There are two ways of filing a patent application in the United States. An application can be filed as a provisional application or a nonprovisional application. A nonprovisional application is sometimes referred to as a “utility” application, but technically, a utility application could be filed as either a nonprovisional or a provisional application. A provisional application lasts for twelve months and then automatically expires. The applicant can retain his or her filing date by filing a nonprovisional application within that twelve-month period. The main reason for filing a provisional application is to add an extra year to the patent term, which is normally 20 years from the date of filing (21 years if a provisional is filed first).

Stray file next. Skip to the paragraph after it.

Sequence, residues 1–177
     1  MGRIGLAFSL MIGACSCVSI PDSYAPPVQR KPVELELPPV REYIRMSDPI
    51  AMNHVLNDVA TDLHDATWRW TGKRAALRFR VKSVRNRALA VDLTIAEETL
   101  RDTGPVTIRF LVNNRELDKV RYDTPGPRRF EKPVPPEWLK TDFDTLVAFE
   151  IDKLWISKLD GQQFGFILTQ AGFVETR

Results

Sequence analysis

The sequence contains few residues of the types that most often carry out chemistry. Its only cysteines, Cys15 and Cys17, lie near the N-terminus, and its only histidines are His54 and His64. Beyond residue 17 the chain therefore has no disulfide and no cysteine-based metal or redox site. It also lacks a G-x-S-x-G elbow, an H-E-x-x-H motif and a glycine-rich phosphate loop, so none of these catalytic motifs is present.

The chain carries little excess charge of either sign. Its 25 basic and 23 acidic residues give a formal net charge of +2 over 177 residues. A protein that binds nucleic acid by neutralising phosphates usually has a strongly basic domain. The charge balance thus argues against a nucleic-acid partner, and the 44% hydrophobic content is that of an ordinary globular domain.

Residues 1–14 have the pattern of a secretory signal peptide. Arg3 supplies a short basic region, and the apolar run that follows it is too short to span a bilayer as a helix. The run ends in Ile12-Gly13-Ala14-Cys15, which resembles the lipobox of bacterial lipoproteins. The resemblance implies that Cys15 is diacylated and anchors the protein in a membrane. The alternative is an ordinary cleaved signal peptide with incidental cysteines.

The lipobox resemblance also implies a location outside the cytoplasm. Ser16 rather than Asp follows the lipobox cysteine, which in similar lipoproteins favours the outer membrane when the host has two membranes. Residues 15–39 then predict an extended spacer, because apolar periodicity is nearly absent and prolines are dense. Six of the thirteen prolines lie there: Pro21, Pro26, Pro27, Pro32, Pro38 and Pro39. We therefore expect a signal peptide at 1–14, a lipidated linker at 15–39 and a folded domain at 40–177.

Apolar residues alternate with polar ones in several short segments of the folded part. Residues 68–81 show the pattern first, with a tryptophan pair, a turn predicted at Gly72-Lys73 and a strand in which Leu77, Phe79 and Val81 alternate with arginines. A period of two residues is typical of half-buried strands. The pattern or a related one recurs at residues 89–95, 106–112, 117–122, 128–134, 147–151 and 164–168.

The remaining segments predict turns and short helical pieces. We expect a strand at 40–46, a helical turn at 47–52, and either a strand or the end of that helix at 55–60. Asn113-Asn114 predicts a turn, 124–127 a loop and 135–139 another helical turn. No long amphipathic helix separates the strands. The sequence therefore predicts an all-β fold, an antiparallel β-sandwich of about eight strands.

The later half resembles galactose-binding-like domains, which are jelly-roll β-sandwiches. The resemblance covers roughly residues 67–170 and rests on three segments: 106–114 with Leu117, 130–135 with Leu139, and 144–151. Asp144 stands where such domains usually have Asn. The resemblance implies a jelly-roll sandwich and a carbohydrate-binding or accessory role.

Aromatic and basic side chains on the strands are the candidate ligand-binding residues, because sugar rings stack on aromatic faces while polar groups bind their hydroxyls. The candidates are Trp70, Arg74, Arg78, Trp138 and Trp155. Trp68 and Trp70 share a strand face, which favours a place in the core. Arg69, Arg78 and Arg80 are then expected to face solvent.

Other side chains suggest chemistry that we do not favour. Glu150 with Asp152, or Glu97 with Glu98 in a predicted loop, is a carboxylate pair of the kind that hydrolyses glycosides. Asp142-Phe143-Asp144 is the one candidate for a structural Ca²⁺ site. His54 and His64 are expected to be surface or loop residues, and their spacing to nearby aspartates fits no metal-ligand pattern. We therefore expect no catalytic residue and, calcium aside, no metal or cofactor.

Many clients are under the impression that a provisional application is a quick-and-dirty way to obtain patent protection, but that is a dangerous assumption. Even provisional applications must meet all of the patent office requirements in terms of the sufficiency and particularity of the disclosure in order for the provisional to provide any real protection. If a provisional filing contains an insufficient disclosure, and a competitor files for a similar invention in the twelve-month between the provisional and nonprovisional filings, the competitor will actually have the earlier filing date with respect to the matter that was insufficiently disclosed in the provisional.